If Hamilton was too close to the SC at that point, it's his fault. If he needed to slow down and a car is right behind him, he doesn't have the right to tap his brake and cause an incident. He should have veered over and slowed. Vettel needed to be on his gearbox. With the speed advantage Mercedes had, he couldn't afford to be any further behind. If the onboard footage didn't show Hamilton tap his brake I would just chalk it up to nothing more than a racing incident.

You have to drive within a set distance of the SC otherwise you can get penalised, then when the lights go out on the SC you then have to slow to create a gap for the restart otherwise you risk passing it and also getting penalised.

Vettel didn't need to be on Hamilton's gearbox because Hamilton was never going to restart from that corner otherwise he would have passed the SC, I don't know how many times this has to be repeated?

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Last edited by pokerman on Sun Jan 21, 2018 10:30 pm, edited 1 time in total.

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PostPosted: Sun Jan 21, 2018 10:10 pm 
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Zoue wrote:
pokerman wrote:
Zoue wrote:
Ennis wrote:
Gumption wrote:
If there's no room behind you to brake (especially when you're coming out of a slow turn behind a safety car already going much slower than safety car speed with literally nothing in front of you for a kilometer) then you don't have the right to brake. If you want to slow down more, move over. Vettel had no obligation given their speed to have any gap. The braking on Hamilton's part was sudden and unexpected.

If anything, at a minimum the stewards/FIA screwed up by not clarifying what is and isn't brake-checking. Tapping your brake unnecessarily when a car is directly behind you at a very slow speed could definitely fall into that category.


I don't know why I'm allowing myself to even be drawn in to this stuff again, but Hamilton's slowing down was not sudden and it shouldn't have been unexpected. Given everyone else behind Vettel also had to 'suddenly stop', and managed to to do without running in to anyone, I'd say this shouldn't be unexpected.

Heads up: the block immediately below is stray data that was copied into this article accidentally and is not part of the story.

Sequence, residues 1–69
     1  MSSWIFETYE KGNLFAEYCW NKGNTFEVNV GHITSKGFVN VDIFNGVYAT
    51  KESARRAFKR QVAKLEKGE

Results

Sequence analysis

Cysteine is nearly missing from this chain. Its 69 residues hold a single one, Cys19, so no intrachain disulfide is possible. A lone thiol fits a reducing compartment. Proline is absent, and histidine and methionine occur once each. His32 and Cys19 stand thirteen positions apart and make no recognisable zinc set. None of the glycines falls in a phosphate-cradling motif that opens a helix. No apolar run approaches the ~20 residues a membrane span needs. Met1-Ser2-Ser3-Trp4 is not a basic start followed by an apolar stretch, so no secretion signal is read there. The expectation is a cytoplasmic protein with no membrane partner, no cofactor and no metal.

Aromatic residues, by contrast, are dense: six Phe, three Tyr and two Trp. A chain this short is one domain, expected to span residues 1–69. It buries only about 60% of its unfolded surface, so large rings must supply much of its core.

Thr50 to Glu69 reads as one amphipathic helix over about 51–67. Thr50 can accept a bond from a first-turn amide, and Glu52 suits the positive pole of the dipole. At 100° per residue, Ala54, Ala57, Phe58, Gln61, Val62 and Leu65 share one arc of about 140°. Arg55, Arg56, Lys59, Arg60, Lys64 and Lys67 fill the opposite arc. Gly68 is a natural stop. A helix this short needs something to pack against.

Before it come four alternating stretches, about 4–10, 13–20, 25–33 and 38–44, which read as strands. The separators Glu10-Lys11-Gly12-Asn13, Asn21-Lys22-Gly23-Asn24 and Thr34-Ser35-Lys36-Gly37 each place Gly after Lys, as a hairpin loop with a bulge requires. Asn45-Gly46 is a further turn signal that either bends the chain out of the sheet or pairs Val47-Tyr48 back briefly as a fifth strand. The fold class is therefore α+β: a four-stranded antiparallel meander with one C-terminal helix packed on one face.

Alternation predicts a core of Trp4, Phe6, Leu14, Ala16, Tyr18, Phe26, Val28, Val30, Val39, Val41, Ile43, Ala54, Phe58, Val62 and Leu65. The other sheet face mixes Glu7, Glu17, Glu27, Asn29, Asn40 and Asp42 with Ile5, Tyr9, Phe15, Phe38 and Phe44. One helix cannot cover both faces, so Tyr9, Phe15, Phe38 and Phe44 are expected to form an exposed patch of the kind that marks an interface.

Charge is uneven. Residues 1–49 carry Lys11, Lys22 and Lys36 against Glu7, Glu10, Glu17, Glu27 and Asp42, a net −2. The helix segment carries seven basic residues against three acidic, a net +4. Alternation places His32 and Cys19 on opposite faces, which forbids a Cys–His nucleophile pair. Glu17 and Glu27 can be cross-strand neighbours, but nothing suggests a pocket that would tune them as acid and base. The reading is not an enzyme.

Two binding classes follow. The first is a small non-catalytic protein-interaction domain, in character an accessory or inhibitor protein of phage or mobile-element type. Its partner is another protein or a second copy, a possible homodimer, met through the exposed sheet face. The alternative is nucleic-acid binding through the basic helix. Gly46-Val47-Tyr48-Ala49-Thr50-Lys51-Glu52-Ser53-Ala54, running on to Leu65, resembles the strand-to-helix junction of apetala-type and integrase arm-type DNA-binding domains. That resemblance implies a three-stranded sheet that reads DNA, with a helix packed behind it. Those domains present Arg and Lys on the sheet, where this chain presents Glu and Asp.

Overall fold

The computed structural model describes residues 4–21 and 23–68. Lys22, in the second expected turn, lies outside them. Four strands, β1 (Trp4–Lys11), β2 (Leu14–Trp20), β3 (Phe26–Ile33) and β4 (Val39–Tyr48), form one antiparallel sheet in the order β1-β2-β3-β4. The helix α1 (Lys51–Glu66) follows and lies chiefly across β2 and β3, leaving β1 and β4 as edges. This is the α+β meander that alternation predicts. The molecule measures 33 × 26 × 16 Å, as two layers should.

The brake is even a red herring. Cars can touch the brake and not change speed through throttle control, cars can not touch the brake and slow down rapidly due to the mass of aero on the cars. Hamilton did slow, not particularly hugely in F1 terms, at a point where everyone and their dog knew he was going to start playing the game to get the jump (as every driver does). Vettel didn't want Hamilton to get the jump, got too close and got caught out. That's it. Barely even worth a conversation, if it hadn't been for his reaction afterwards.

Don't agree it shouldn't have been unexpected. I think it's reasonable for the following driver to stay as tight as possible to the car in front, particularly in a restart situation. Vettel got caught out, it happens, but OTOH he wouldn't be doing his job right if he gave the car in front too much room.

Again a total lack of understanding of the situation at hand, if Hamilton had accelerated at that point he would have passed the SC, Vettel had no need to be that close, he had to realise that Hamilton was too close to the SC to accelerate at that point, if anything you might consider it bullying by Vettel in order to force Hamilton into a mistake by trying to control the speed of Hamilton's car but that is the privilege of the lead car only.
im perfectly comfortable with my understanding of the situation, thanks. I just have a different viewpoint to yours

It's not a different viewpoint it's the actual situation at hand.

mikeyg123 wrote:
If Vettel really thought Hamilton may be about to drop the throttle with the safety car still in view and nearly a mile to start line then he really does have problems. No need for Web to be so close at that point because there's no way Hamilton could have gone for it for quite some time. Honestly the driver behind should not be so close as to make it impossible to avoid a crash if the driver in front dabs his brakes under non racing conditions. As for suggesting Hamilton was too close to the safety car.... every restart has to go through the same thing. The leader has to drop back from being close to being far enough away. Hamilton was at the start of that process. A process that tends to begin early in Baku due to the nature of the circuit. Hamilton's crew had already warned him he got very close to overtaking the safety car on the last restart.

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PostPosted: Sun Jan 21, 2018 10:19 pm 
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Zoue wrote:
pokerman wrote:
Zoue wrote:
Ennis wrote:
Zoue wrote:
Don't agree it shouldn't have been unexpected. I think it's reasonable for the following driver to stay as tight as possible to the car in front, particularly in a restart situation. Vettel got caught out, it happens, but OTOH he wouldn't be doing his job right if he gave the car in front too much room.


It's reasonable to stay as close as possible, but if you drive in to the car in front of you then you're no longer as close as possible - you've crossed that line.